“Even if I knew that tomorrow the world would go to pieces, I would still plant my apple tree.” ~ Martin Luther
There is a medium-sized apple tree in my grandmother’s backyard. As far back as I can remember when the leaves began to turn, the apples would fall and she would make applesauce and apple pies. The apples were small with a bright green skin and tart in flavor. The tree itself brings back many memories. Each year, when the tree was ready for pruning my Tita Dora and Tito Manuel would drive down to my grandmother’s house for a day of visiting, eating, and yard work. They arrived with goodies from their backyard; zucchini, end of season
tomatoes, lemons, eggs from their chickens, and fresh-baked cookies. The ladies would visit while Tito would prune the apple tree. I also remember when my
grandmother would have to “shoo shoo” the squirrels away as they ripped apples
from the tree, taking only small bites and leaving the rest to rot into the
ground. This made grandma furious; she’d curse the squirrels every time her batch of applesauce was smaller than the previous year.
A little over a year ago we started buying organic apples from our local organic produce farm in San Juan Bautista, Pinnacle Organics. When you buy local, not only are you keeping your money in the community, you know exactly where your food comes from, and you are also cutting out the middleman often reducing the cost. That said, I started buying boxes of apples weekly and inquired on my grandmother’s tried & trued applesauce recipe; apples, apple juice, cinnamon, and maybe just maybe a little brown sugar. After a few tries I came up with my version, same but different.
I was joining my grandmother and her sister, who was visiting from Mexico, for an early afternoon lunch. When my grandmother has visitors she pulls out several varieties of food, snacks, and goodies she’s made. Typically apple sauce would have been pulled out at this moment but this year, her tree only produced a very small amount of apples. I was already aware of grandma’s applesauce challenge, so I brought a couple of jars of freshly made apple sauce to share with the ladies. “Hmmm, this is better than yours Dolly…” Tita Mae never holds back…needless to say I felt a little bad for my grandma. Her applesauce has been the star for years. Despite feeling bad I know I’ve learned from the best, my grandma, and that’s why my applesauce is so freakin’ good!
This year, I’ve already had the opportunity to go through several boxes of apples and the season has only just begun. There are so many apple cooking options such as baked apples, chutney, pies, tarts, and salads to name a few. Since my son is such a big fan of my applesauce, I’ve been canning it like crazy so we have enough for the rest of the year when apples are no longer in season. It’s one of the easiest recipes I’ve made in a while and the time-consuming task lies only within the peeling, coring, and chopping. One Thanksgiving holiday my mother-in-law came over early to help in the food preparation and saw that I was tediously peeling a sink full of apples, hands hurting while I’m slumped over the kitchen counter. Christmas time arrived and she gifted me the best gift ever…an apple peeler, corer, chopper. The device looks medieval but it’s simple, easy to clean and does the job within minute’s verses hours.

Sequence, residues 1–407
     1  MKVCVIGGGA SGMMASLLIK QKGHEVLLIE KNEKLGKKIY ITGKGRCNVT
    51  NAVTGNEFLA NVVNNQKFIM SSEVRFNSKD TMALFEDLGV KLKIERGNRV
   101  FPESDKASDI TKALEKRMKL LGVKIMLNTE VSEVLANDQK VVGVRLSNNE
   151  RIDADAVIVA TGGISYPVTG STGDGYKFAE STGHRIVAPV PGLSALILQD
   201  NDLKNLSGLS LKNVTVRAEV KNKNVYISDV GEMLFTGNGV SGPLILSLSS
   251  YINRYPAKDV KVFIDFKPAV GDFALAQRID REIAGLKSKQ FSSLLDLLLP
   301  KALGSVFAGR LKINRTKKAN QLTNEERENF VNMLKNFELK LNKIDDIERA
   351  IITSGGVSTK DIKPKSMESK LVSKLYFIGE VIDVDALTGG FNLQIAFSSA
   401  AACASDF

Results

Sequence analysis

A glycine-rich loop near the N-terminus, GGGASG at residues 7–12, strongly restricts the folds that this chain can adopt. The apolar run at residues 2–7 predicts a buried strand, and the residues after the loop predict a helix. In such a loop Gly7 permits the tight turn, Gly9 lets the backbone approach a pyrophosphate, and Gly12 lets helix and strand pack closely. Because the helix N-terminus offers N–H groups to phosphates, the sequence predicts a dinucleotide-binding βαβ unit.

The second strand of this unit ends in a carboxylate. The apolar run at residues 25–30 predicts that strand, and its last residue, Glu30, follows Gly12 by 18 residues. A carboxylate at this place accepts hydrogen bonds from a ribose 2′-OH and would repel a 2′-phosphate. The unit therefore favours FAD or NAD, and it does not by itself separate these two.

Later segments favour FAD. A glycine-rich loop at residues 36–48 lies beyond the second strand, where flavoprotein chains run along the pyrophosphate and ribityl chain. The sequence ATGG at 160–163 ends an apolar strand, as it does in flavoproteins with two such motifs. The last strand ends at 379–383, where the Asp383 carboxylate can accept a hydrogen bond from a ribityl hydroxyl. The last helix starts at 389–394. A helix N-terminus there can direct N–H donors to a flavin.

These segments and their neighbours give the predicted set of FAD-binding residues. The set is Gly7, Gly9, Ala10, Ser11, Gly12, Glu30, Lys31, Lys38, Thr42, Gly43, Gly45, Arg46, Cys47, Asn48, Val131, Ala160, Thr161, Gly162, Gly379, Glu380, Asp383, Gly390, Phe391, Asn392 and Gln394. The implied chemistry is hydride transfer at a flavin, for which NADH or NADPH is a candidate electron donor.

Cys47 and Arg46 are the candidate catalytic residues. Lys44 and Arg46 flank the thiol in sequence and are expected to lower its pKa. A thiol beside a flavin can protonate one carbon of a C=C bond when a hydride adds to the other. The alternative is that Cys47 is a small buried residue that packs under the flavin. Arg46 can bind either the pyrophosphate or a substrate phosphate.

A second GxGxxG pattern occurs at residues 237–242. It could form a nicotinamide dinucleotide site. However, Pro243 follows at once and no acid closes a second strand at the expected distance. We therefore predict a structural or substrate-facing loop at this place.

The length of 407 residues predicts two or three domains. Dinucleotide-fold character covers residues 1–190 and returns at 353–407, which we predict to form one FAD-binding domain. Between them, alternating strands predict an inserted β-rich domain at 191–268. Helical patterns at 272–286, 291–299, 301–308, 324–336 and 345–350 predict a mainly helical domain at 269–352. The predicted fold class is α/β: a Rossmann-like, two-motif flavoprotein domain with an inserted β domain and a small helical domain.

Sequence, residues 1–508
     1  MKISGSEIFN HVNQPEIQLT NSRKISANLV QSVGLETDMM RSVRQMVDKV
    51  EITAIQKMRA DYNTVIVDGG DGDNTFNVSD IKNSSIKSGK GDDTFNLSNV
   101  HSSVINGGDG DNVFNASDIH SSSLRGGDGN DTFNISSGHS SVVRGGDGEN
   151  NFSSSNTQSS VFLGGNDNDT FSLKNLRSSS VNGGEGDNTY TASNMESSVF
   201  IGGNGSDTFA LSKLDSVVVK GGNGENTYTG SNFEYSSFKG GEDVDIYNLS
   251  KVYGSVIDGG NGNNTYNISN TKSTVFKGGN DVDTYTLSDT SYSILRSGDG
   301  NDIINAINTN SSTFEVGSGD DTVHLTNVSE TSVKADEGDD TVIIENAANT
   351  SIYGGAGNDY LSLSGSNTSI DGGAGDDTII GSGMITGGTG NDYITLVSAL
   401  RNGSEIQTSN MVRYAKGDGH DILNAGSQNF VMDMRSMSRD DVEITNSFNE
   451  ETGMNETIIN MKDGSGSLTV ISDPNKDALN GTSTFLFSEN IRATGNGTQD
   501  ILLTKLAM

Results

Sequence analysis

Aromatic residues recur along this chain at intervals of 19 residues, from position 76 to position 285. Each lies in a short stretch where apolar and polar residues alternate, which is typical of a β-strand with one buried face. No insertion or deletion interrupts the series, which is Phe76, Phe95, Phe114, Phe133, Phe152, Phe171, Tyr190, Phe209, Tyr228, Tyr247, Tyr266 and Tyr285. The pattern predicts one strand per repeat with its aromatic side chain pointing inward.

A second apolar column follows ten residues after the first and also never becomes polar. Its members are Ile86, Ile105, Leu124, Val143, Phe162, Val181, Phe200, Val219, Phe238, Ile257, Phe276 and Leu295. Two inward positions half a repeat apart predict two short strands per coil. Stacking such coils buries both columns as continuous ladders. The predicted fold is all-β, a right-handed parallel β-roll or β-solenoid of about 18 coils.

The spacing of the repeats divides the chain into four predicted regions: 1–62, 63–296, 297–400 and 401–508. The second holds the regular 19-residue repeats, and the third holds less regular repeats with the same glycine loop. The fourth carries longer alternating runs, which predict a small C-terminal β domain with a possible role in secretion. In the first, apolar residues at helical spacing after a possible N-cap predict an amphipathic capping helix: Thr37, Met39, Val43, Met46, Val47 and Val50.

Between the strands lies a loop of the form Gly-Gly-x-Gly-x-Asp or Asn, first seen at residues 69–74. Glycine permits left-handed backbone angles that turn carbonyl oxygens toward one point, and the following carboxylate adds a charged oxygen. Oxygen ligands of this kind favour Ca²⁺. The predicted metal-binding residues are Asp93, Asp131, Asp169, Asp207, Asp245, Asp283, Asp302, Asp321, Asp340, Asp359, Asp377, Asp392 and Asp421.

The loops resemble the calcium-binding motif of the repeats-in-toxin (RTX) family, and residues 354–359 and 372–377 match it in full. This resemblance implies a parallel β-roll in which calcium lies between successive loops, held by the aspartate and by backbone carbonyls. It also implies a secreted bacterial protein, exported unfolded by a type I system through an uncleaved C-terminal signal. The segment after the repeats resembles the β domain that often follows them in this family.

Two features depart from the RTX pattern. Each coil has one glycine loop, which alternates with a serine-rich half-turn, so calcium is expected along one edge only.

My version has no added sugar; only apples, 100% juice from apples, and a mix of spices. After a long simmer the sauce remains chunky and is ready to enjoy! I’ve had people compare the applesauce to an apple pie filling…it’s that yummy.
Grandma Dolly’s Applesauce 2.0
- 5 Quart Sauté Pan
- 22 – 26 apples, depending on size (Pinnacle Organic Fuji, Braeburn, and Jonagold varieties)
- 16 – 24oz apple juice, enough juice to cover ½ of the apples in the pan (Pinnacle Organic)
- ¼ – ½ Teaspoon of each ground spice: cinnamon, ginger, nutmeg, and allspice
Peel, core, and chop apples. Place the sliced apples in your cooking vessel; I use a 5 quart sauté pan because it’s a wide pan with high sides. This allows for the apples to spread out and cook evenly. Sprinkle over your apples the spice mixture of cinnamon, ginger, nutmeg, and allspice. Pour enough apple juice over the mixture till the liquid covers the apples half way. Toss the apple slices
to make sure the spices are mixed. Cook on medium high till the liquid comes to a boil, stirring often. Once it’s reached a boil, lower the temperature to medium or medium low heat for roughly two hours, stirring periodically. The cooking time will vary depending on the ripeness of your apples. I prefer my apple sauce slightly chunky – you can cook it longer for a smoother texture or even use an emulsion mixture to puree. Most the liquid will be reduced or gone by
the time your apple sauce is complete.
The quantities for this recipe allow for 8 – 12 pint jars to be filled, again depending on the size of the apples.
The best thing about this recipe is that the amounts can vary greatly; it all depends on your taste preferences. You can make this recipe with as little as five apples; just follow the basic instructions ensuring the amount of apples you use is covered half way with juice. The spice amounts can vary according to your taste.
Your applesauce will keep in the refrigerator for a couple of weeks, canned will last all year, and in the freezer for roughly six months.